Kevin Muscat has labelled Melbourne Victory's 3-0 win over Adelaide 'exceptional' and marvelled at his team's ability to maintain their structure with 10 men in the second half.
Victory's head coach was left frustrated by how the home side let Adelaide back into the contest following Kosta Barbarouses' opening goal - his first-ever for Melbourne - in the 14th minute at Etihad Stadium on Saturday night.
But after Victory defender Adrian Leijer was sent off in first-half stoppage time, Muscat was thrilled by his team's effort in the second period as they weathered a storm of shots and a penalty from the Reds, and struck twice on the break.
Muscat, however, maintained Melbourne cannot rely on effort alone.
"I thought all in all, apart from the 20 to 25 minute spell before half-time, we were exceptional tonight," the 40-year-old coach said after the match.
"Started very well and then let them back into the game, which was disappointing in the first half. It was disappointing, (I) wasn't happy coming out of half-time.
"But in the second half, not only with a man down, we still tried to play, we got the ball down, got in behind them a number of times and the effort was tremendous in the second half.
"But I don't just want to win games with effort. I want to understand why we win games; how we play and through our structures, I want to understand how we win games. But tonight the effort was superb, coupled with some good football and some good goals."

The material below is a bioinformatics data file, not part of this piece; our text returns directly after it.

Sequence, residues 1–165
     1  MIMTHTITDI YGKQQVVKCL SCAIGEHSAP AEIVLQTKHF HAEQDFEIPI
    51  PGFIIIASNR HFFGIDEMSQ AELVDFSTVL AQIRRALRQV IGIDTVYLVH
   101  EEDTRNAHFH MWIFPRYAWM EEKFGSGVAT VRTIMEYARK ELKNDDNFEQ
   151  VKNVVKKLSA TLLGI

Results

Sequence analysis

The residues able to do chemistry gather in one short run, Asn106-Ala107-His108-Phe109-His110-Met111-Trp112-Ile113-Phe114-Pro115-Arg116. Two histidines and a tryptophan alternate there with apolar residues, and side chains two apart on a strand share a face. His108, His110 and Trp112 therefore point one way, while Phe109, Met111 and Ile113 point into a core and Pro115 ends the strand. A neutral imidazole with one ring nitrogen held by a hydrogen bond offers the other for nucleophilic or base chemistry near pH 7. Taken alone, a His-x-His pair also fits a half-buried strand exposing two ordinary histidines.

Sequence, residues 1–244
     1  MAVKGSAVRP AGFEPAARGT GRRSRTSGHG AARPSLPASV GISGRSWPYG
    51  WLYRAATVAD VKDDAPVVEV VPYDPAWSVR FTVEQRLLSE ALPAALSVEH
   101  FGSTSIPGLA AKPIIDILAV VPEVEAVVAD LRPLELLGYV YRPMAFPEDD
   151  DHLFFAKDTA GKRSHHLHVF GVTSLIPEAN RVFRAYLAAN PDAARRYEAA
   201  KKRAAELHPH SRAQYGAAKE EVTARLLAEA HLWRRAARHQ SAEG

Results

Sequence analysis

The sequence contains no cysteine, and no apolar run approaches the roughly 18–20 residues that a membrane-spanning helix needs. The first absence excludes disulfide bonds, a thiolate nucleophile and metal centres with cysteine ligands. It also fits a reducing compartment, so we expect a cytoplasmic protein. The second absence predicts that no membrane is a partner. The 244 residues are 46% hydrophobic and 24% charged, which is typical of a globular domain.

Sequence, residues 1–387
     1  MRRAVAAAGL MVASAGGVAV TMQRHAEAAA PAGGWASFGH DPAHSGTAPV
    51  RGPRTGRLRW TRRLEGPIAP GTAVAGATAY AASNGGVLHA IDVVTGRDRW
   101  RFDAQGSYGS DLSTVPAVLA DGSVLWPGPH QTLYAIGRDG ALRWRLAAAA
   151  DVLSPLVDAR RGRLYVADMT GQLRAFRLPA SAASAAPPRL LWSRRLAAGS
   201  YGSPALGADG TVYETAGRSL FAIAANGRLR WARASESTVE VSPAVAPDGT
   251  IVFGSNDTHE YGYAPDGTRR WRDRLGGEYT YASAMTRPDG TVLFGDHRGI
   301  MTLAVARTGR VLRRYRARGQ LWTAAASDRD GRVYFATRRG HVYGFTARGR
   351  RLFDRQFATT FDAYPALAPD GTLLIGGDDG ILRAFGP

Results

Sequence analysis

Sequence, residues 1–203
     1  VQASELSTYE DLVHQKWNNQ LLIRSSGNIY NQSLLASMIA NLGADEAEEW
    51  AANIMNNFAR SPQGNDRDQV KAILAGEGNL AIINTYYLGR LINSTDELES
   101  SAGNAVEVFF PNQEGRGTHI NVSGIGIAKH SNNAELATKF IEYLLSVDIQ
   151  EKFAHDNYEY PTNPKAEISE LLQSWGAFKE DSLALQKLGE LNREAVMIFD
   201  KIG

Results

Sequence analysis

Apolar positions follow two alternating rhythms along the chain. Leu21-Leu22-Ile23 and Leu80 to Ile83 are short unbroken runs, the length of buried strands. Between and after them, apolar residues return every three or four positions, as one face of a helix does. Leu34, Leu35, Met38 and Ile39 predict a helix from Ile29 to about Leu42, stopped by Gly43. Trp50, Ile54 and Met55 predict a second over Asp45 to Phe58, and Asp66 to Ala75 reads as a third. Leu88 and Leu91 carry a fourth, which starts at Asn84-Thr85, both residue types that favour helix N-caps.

While Muscat hinted that he still needs to work on his tactical understanding and ability to tweak his team's structure to ensure success, the former Victory skipper bristled at suggestions Melbourne had played long-ball, counter-attacking football to breach Adelaide's high defensive line.
During Muscat's time as captain, under former head coach Ernie Merrick, Melbourne won two A-League doubles on the back of a counter-attacking style, which took advantage of the speed of Archie Thompson and Danny Allsopp.
Victory's focus against Adelaide seemed to be to attack quickly with direct passes in behind the visitors' back four but Muscat denied it was a long-ball style, before adding his team missed some opportunities to do it more often.
"From my perspective, if a pass goes - however big a distance it is - if a pass makes your player a favourite, it's not a long ball, it's a long pass," Muscat said.
"So as long as you make your team the favourite, you're not kicking it to a contest, it's not a long ball...there were opportunities in the first half that I don't think we actually turned them (Adelaide's defenders) around quick enough.
"In the second half, we were a man down, there's obvious less passing options and we created a number of chances, getting in behind them. So from that perspective, we go down to 10 men, I don't know what happened, but we actually played to the structure a little bit better."
Muscat also praised Barbarouses for breaking his scoring duck with the Big V and claimed the Kiwi forward should improve further with New Zealand's World Cup qualifying campaign now over.
"Tremendous," Muscat said of Barbarouses.
"He's been good for us right throughout (the season).
"I just think from his perspective as well, he's disappointed, obviously, not qualifying for the World Cup but...he can settle down now and not travel and not go away and not play games for the international team."